On Monday, more investors eagerly piled into Icarus-like First Solar (NASDAQ:FSLR), which touched a 300% year-to-date gain by the closing bell. The market leader in thin-film photovoltaic production has been rocketing higher on blazing top-line growth, which was further fueled by a clutch of new contract signings worth roughly $1.3 billion.

Sector news wasn't limited to First Solar. Trina Solar (NYSE:TSL) announced some European contract wins of its own, and JA Solar (NASDAQ:JASO) added manufacturing lines ahead of schedule.

Evergreen Solar (NASDAQ:ESLR) shares rose because ... its competitors are doing well?

Still, Monday was First Solar's day to shine. Shares rose roughly 24% -- quite the feat considering the firm's robust market capitalization, but not beyond belief. What I don't believe is the valuation being afforded this hot stock.

I'm not hung up on the P/E ratio of 500 on principle, though it would likely cause even Akamai (NASDAQ:AKAM) or Amazon.com (NASDAQ:AMZN) investors to blush. I have no doubt that the company's future earnings will leave the trailing numbers in the dust. However, there is a lot of long-term certainty baked into today's share price.

You can't buy this stock, or any for that matter, just because you think it's going to go higher. You need, at a minimum, a back-of-the-napkin sketch. If you used the PEG ratio (price/earnings to growth) to determine that today's price represents fair value for First Solar shares, you'd need to assume a long-term growth rate of -- guess what? -- 500%.

The PEG is merely inexact shorthand, however, and for me it breaks down when you're dealing with astronomical growth rates. Suffice it to say that I'd call today's P/E fair if First Solar could be expected to achieve 138.5% average annual earnings growth over the next five years.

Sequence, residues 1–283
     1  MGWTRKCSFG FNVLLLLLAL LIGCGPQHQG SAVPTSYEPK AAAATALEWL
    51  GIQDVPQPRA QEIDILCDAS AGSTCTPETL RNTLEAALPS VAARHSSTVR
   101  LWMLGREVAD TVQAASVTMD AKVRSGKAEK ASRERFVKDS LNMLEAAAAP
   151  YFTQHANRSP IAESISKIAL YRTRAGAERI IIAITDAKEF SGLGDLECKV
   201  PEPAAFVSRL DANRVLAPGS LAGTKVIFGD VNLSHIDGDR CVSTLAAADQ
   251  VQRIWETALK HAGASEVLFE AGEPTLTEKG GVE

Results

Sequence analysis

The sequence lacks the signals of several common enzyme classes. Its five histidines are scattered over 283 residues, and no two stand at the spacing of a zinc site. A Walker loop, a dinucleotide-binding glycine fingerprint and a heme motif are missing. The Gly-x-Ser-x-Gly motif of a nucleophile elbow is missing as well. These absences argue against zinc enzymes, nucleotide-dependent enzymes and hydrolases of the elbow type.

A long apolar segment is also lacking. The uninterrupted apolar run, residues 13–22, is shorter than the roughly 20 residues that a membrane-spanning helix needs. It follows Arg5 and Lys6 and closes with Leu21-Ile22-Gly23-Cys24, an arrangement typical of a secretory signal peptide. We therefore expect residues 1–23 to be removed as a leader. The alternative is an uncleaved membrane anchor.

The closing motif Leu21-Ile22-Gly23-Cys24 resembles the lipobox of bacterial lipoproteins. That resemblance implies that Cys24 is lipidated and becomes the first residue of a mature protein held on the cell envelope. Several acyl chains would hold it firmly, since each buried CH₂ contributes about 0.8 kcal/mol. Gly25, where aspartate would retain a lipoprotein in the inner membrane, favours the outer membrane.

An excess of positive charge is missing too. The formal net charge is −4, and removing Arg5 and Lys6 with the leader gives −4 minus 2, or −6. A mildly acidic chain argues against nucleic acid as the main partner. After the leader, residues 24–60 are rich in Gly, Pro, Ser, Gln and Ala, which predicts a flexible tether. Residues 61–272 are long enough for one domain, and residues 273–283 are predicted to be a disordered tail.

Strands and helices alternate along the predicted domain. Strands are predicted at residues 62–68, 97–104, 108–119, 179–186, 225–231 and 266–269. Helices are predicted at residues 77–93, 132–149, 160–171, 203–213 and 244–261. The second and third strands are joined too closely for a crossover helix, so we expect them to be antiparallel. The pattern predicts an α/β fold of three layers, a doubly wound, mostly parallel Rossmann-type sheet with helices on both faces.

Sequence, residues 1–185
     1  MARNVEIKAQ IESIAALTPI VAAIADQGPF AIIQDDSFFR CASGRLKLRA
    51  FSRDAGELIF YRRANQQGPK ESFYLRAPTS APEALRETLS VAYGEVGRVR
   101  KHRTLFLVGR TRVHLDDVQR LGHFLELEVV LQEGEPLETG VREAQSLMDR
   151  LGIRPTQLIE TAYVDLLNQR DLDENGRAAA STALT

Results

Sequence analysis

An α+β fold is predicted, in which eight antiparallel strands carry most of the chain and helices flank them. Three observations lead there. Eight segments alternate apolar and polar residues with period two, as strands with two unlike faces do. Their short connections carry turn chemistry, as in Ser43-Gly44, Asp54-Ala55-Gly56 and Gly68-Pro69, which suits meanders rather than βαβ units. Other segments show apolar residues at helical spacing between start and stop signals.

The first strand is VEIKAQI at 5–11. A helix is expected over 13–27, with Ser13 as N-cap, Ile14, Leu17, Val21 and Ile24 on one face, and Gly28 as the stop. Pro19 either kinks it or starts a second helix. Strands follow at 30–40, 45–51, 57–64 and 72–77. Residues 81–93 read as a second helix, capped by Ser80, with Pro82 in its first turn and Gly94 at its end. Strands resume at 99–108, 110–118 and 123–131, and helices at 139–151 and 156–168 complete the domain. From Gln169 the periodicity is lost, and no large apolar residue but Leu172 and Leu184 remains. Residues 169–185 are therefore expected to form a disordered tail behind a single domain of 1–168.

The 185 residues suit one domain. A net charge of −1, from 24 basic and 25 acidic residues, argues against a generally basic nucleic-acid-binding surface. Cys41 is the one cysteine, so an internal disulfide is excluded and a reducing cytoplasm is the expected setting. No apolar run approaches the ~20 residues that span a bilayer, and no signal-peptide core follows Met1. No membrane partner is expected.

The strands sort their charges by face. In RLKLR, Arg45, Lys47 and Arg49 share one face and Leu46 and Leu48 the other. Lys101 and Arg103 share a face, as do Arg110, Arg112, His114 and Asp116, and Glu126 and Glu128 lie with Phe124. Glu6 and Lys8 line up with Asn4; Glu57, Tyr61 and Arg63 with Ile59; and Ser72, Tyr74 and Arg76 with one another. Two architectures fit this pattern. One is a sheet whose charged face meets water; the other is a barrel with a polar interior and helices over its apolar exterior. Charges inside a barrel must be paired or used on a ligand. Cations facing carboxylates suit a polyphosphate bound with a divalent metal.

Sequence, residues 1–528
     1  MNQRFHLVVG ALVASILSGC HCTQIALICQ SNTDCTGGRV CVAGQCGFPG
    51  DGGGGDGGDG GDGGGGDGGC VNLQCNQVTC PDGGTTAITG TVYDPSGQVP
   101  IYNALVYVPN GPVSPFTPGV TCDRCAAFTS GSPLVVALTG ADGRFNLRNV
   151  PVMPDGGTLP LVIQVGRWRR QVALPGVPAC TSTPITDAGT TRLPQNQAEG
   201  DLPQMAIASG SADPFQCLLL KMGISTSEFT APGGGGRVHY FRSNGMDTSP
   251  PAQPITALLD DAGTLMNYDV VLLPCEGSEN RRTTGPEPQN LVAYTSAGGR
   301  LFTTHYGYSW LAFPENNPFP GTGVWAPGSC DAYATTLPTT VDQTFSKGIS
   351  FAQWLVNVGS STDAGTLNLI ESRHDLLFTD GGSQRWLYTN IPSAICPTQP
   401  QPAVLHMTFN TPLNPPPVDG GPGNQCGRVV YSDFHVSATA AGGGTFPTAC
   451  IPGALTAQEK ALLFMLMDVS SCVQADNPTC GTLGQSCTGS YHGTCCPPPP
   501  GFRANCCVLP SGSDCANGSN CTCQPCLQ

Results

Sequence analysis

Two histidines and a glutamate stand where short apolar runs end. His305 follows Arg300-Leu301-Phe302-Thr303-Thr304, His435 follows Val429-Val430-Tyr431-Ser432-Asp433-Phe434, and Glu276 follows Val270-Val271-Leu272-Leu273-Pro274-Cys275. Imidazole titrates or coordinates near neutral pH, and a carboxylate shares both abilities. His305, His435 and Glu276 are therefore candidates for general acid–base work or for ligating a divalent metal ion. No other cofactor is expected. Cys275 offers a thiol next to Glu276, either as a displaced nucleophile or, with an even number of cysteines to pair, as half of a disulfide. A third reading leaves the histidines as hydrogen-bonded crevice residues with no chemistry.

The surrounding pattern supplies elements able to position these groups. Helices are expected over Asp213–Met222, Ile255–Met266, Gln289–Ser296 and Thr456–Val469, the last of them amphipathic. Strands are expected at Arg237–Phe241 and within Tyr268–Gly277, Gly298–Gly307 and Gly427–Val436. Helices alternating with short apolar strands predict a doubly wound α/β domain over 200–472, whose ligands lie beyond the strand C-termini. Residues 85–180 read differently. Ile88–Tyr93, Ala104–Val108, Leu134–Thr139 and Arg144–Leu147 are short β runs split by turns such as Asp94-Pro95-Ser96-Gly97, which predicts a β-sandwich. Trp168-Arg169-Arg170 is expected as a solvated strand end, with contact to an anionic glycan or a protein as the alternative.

Let's see what 138.5% earnings growth looks like over five years, the bare minimum of what could be considered a long-term forecast period:

Year 0 (trailing-12-month earnings): $15 million
Year 1: $36 million
Year 2: $85 million
Year 3: $203 million
Year 4: $485 million
Year 5: $1.16 billion

In the early years, I won't argue with these numbers. After all, first-quarter sales rose fivefold over those of the prior year, perhaps owing to some cosmic alignment with the Aztec Five Suns creation myth. That, or there's a ton of demand for thin-film solar modules. Believe what you wish.

Simply triple trailing sales in year one and then double sales in year two, and you've got your $85 million in earnings. No sweat? Maybe. But looking further out, I see serious reasons to sweat if you're holding these shares to bask in the long-term riches they'll supposedly bestow.

Given the fierce competition in the space, the company has little shot at raising its profit margins meaningfully over this period. That leaves just one way for First Solar to make these numbers: more than doubling sales year after year after year. Year five's sales projection of $14.5 billion is then roughly three times the present annual revenues of Peabody Energy (NYSE:BTU), the largest public coal company. I just don't see that happening.

For those of you who think you can keep flying closer to the sun without things ending badly, it might be time to brush up on your mythology.

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Fool contributor Toby Shute doesn't own shades or shares in any company mentioned. Amazon.com is a Motley Fool Stock Advisor recommendation and Akamai is a Motley Fool Rule Breakers pick. The Motley Fool's disclosure policy has no sunset clause.